In a new interview, Dwight Yoakam reveals the surprising connection between him and two of rock and roll’s most legendary artists.
During a recent chat with the Orange County Register, Yoakam recalled a conversation he had with David Bowie, who passed away after a secret battle with cancer on Jan. 10. The rock icon explained to Yoakam that he had called up Elvis Presley six months before his death in 1977 and discussed producing his next album.
“That was based on Elvis having heard Bowie’s Golden Years, and I thought ‘Oh my God, it’s a tragedy that he was never able to make that,’” Yoakam explained. “I couldn’t even imagine 1977 David Bowie producing Elvis. It would have been fantastic. It has to be one of the greatest tragedies in pop music history that it didn’t happen, one of the biggest missed opportunities.”
During this time period, Bowie transitioned out of performing as his controversial character “the Thin White Duke”, and began an era known as the “Berlin years”. During this time, he explored a more electronic and reflective sound that still inspires artists today.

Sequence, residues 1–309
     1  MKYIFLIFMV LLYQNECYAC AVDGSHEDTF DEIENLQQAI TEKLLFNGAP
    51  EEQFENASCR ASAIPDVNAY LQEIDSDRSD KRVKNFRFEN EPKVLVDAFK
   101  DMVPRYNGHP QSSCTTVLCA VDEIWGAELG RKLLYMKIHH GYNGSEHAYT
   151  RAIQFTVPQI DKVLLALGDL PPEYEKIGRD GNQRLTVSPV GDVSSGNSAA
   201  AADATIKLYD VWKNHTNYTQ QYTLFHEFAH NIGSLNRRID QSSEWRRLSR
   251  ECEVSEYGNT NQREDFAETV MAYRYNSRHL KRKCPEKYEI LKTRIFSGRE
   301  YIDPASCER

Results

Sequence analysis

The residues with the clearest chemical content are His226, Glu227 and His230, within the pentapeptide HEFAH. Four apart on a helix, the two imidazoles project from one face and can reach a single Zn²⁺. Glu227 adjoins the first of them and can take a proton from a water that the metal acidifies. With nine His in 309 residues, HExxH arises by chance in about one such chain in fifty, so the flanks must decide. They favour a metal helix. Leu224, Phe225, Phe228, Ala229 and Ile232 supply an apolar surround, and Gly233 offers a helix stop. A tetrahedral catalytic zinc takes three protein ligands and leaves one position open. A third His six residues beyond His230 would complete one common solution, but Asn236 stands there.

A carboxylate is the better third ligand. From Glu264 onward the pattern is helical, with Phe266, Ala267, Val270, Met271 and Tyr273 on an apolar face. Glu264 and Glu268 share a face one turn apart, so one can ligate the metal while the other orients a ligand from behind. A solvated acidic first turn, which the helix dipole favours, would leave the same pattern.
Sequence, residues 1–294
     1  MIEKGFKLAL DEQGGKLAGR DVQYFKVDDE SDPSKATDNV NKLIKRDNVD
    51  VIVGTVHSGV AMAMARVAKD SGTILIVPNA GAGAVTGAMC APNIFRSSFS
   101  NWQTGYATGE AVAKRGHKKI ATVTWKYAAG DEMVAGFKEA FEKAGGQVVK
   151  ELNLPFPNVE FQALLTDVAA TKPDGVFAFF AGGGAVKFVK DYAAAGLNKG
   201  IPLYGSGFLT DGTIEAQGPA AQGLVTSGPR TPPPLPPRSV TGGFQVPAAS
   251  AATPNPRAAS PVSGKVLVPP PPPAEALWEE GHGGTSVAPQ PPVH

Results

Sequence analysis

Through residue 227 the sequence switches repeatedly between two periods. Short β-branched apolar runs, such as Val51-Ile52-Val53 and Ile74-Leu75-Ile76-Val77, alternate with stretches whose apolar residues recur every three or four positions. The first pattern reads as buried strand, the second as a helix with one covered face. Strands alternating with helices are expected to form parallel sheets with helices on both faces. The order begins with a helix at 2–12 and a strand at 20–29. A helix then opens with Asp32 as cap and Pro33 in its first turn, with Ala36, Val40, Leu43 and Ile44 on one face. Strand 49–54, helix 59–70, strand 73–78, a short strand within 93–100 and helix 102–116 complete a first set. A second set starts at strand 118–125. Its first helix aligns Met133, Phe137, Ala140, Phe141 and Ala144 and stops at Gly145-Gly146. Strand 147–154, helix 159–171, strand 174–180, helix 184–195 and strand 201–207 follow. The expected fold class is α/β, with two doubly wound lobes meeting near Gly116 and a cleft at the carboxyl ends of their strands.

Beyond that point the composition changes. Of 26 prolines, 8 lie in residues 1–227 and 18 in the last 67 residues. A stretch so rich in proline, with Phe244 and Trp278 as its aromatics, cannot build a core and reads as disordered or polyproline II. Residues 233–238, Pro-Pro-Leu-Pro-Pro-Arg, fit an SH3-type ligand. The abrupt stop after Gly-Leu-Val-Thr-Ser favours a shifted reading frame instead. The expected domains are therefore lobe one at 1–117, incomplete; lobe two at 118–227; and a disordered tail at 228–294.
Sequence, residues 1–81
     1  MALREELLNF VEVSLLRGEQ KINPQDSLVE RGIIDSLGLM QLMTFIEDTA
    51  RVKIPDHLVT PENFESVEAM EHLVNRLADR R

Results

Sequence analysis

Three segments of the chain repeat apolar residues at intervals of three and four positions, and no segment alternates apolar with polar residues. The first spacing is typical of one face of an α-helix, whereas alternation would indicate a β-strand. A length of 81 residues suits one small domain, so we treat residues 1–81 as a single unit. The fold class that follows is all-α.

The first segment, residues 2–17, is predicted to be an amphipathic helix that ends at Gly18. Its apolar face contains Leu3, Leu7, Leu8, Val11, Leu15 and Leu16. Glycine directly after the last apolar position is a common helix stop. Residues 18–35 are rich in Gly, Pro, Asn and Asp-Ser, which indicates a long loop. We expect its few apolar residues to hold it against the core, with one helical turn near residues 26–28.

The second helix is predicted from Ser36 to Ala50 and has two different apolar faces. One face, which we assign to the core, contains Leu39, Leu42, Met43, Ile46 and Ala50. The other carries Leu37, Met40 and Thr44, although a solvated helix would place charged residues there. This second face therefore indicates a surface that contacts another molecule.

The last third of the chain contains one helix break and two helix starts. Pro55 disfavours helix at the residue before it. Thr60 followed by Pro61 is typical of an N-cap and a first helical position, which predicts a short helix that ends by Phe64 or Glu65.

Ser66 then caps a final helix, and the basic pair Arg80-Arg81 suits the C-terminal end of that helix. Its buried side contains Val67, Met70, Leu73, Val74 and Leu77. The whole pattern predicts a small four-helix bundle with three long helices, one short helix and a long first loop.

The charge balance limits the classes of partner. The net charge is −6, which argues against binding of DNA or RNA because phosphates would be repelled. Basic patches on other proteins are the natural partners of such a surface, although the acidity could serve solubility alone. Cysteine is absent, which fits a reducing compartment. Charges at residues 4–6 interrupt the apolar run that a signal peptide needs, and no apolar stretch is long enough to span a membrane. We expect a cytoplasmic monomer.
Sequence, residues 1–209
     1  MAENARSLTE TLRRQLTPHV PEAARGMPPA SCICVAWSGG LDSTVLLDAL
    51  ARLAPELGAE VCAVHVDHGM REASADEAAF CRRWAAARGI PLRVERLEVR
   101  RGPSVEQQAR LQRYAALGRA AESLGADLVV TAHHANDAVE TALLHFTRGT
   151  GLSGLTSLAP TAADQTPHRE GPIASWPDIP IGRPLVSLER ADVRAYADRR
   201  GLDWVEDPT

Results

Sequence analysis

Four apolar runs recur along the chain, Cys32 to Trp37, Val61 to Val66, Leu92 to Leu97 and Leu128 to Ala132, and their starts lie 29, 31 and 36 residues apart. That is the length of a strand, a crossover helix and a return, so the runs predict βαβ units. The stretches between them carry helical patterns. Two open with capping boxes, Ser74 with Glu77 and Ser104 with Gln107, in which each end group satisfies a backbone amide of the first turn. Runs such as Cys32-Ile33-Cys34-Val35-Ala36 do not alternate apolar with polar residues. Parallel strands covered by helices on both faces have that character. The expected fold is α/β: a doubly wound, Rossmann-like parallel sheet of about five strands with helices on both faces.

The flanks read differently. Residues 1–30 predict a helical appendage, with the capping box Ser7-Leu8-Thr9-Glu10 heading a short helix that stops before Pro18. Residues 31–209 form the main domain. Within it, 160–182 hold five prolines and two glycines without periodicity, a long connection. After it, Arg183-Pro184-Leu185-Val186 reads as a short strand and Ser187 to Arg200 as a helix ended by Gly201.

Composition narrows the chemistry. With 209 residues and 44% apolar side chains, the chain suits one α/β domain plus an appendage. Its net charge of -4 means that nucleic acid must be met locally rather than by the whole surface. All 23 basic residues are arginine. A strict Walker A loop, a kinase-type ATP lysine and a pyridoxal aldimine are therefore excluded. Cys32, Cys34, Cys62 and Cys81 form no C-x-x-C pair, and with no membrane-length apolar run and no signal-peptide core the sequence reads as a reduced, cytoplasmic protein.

Although many people probably wouldn’t expect Yoakam to cite Bowie as a big influence, the country crooner says he was taken by the English artist’s ability to constantly craft something completely original and innovative.
“He was an artist all the way until the end, purely and truly in every sense of the word. He should be an inspiration for all musical artists,” the 59-year-old singer-songwriter said. “He showed a lot of respect to the audience and was grateful for the gift that the artists are given in being able to make music and continue to have the opportunity to express themselves, of course in David’s case, to a massive and wide audience. It’s a lesson in just remembering to be grateful.”